Sunday, October 28, 2018

A Toddler's Rocking-Horse

So the sun didn't last, we are back into a snow storm, to continue into tomorrow. The plan this morning is for a popular toddlers rocking horse. The plan comes from Anthony Dew's great project book "The Rocking-Horse Maker", published by David And Charles in 1993. The plans are for personal use and can not be reproduced for re-sale without the authors permission.

The author has written a number of books on this subject including the restoration of older designs. In this book he goes through the building of nine different projects, from the easy hobby-horse to the advanced, fully carved, Carousel-style horse. The first two or three projects are relatively easy projects, within the reach of even the novice woodworker. Depending upon your degree of patience and skill, the projects get progressively more advanced, culminating in the fully carved carousel-style horse. The advanced carousel-style horse might seem daunting to most woodworkers, but with patience and care, most woodworkers could produce a beautiful piece of nostalgia for their children to pass on to theirs.

A case in point, North Bay had an old water front park carousel, that was in dire need of rebuilding, or suffer the consequence of demolition. A group of local hobby woodworkers got together and agreed to try and reproduce the carved carousel horses, the time taken was not months but years. The result was a beautiful, rebuilt carousel. I suspect Mr. Dew's books were very helpful guides, on their adventure. I will have to get pictures, the next time that I am down that way.

The following plan is a very easy plan to produce. Their are two versions you can try, the silhouette head version, or for a carving experience, the carved head version. The plan is designed to be safer and more convenient for the younger toddler set. It is small enough for the toddler to climb onto without assistance.




The following plan was stitched together from two page scans. I could not remove the shadowy parts of the scans without effecting the quality of the rest of the scan. Excuse the shadow, the stitched together grid plan remains accurate.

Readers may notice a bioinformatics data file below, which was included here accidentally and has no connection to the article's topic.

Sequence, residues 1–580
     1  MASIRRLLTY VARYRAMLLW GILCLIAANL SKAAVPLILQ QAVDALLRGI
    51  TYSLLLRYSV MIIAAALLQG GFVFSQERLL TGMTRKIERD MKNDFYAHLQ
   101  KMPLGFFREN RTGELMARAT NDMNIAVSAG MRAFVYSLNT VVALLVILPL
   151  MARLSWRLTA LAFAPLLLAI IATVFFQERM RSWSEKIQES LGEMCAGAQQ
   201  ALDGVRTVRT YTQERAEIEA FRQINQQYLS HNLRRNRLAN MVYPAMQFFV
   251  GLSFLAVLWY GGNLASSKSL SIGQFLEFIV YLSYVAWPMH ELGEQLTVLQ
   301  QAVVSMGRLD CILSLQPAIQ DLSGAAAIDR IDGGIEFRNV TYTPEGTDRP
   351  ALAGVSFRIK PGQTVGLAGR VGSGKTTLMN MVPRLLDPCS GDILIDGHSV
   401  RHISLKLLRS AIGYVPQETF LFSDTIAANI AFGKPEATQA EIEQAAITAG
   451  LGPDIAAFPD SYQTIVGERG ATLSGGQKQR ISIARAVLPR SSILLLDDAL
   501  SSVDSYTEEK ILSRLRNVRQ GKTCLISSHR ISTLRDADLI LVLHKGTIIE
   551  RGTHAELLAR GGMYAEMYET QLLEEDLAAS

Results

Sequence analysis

Finished pictures of the two versions you can build.


Here is a picture of the advanced, fully carved version, of the Carousel-style horse, mounted on bow rockers. If you want to build it, you need the book, if I got more than a couple requests for it, I would upload it (it's a time consuming scan).


Sunday, October 7, 2018

The Sunshine Express

So in keeping with the previous posts focus on premier woodworking magazine issues, here is a select plan from "Wood" magazines premier issue in 1984. Better Homes And Garden's "Wood" magazine, published by Meredith Corporation, claims that "Wood" is the most popular and widely distributed woodworking magazine in the world. I tend to agree. "Wood" like "FWW", publish plans and articles on improving your workshop, and tools, in addition to some very attractive shopbuilt machines. And while "FWW" concentrates more on the high end, cutting edge, of the woodworking field, "Wood" is chock full of more practical, attractively designed, woodworking projects for the family, home, and yard.

Xmas is coming and woodworkers are looking for interesting shopbuilt projects, to please some young folks Xmas morning. I posted a child's wagon before, but from "Woods" premier 1984 issue comes this beautiful version of the classic child's wagon plan.







So for the few Canadian followers out there, HAPPY THANKSGIVING and
CHEERS.

Sunday, September 23, 2018

Case Construction